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Rim Joist

A rim joist or a band board offers lateral support to end joists that carry the weight of the walls to the roof.

Any well-built house consists of several joists, one of them being the rim joist. It’s where the foundation walls meet the floor joists of a building. It works in tandem with two outermost joists, which help form a ‘band’ for the floor’s framework. However, rim joists can also be an entry point for moisture and air, hence, the need for insulation. 

Let’s explore what a rim joist is, look at its role and how it’s installed, then finish off with rim joist insulation options. 

What Is a Rim Joist? 

A rim joist offers lateral support to the end of all other joists and is attached perpendicularly to them. You can compare it to ribs that hold up the entire frame. All these joists get their support from the exterior and foundation walls. 

Because they’re supposed to withstand a lot of weight, rim joists should be made from solid wood that’s free from twists or bows. Such joists will strengthen your subfloor. Perfect materials for rim joists are usually engineered wood products or laminate wood. 

What Do Rim Joists Do? 

A rim joist or band board works as lateral support for the joists. It prevents the joist from leaning over the weight of the load above it. In addition, this joist covers the end of other joists to prevent cavities, which can open up your home to moisture. The wood used in rim joists also provides nailing support when installing exterior wall sheathing, trim boards, and siding. Because of its critical role in a building, a rim joist is an aspect of framing that builders should never overlook. 

How to Install Rim Joists 

Rim joists run perpendicular to standard joists and need to be parallel to the long sides of the house. In a rectangular house, the standard joists span from front to back. 

When framing a floor system, you’ll install the rim joist perpendicular to the other joists. This ensures that the end of the joists gets lateral support while still capping off the end of the floor. Outermost joists span the short side of your house. 

Rim joists are usually set on the upper levels of the walls or the foundation walls then nailed into the framing. Contractors use three nails driven through the outside joists to the end of the joists. Because rim joists are susceptible to wind and other seismic activities, which can cause them to separate from the floor, they have to be reinforced with metal strapping.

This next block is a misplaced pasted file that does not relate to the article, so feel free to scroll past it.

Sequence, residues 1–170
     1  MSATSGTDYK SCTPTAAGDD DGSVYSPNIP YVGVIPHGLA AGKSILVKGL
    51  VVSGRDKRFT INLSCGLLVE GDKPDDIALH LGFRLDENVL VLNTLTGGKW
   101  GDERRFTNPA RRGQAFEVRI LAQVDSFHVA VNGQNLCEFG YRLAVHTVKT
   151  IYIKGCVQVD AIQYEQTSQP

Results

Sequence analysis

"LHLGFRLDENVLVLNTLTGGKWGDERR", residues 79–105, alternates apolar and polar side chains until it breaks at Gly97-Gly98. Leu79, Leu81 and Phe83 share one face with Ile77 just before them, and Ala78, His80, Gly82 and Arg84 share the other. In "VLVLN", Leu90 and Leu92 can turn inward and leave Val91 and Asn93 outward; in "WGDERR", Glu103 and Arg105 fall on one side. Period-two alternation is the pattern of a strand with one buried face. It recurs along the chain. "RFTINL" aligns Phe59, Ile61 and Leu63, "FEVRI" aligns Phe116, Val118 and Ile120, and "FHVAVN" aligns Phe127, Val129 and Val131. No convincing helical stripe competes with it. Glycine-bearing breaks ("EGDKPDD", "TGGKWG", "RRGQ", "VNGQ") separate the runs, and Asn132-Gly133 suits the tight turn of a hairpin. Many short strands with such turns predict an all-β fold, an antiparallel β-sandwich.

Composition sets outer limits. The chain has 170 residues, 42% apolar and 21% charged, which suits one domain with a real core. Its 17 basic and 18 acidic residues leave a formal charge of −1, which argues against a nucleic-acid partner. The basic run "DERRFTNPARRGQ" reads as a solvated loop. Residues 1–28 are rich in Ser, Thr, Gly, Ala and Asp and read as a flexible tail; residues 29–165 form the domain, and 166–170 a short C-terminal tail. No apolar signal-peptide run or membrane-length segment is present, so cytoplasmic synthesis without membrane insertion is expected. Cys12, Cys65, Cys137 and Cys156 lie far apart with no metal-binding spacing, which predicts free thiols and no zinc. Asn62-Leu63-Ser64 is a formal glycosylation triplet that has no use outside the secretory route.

Rim Joist Insulation 

An open crawl space is usually a hotbed for air and moisture. Typical entry points include cracks, gaps, rim joists, and vents. These spaces not only attract moisture and unconditioned air, but they also allow air to escape from your home. This can lead to energy loss and ultimately high utility costs. 

You can improve energy efficiency and create a comfortable interior by insulating your rim joists. All types of homes, including old and modern ones, stand to benefit from rim joists insulation. Let’s look at some of the common insulation methods. 

Spray Foam Insulation 

Spray foam insulation is fantastic insulation for rim joists. It insulates joists and seals air leaks. Not only is it easy to use, but it can seal all the hard-to-access points that allow air into the crawl space. 

Foam Board Insulation 

If you’re looking for cheaper and easy-to-use joist insulation, consider foam board, which is made from polyurethane or polystyrene. Standard size sheets measure four by eight inches and range from a quarter-inch to two inches in thickness. Foam board is multi-purpose and can insulate just about any part of your house from the basement walls to the roof. Our insulation of choice is ExTremeBloc™, rigid panels made of expanded polystyrene that also is waterproof and treated to resist termites. 

Fiberglass Insulation 

Fiberglass is another common material for rim joist insulation. It’s made from plastic that’s been reinforced with fine glass fibers. You can use it to cover your basement walls, crawl space, attics, and rim joists. Fiberglass is easy to install and affordable. On the flip side, this material doesn’t seal walls, meaning there is the possibility air and moisture could infiltrate the crawl space. It also can be easily saturated by moisture and harbor pests and mold growth. 

Would you like to insulate your crawl space and rim joists? Contact JES Foundation Repair for a free crawl space insulation inspection and quote. We’ll advise you on the choice of insulation materials and cover the walls and joists so your crawl space stays warm and dry. 

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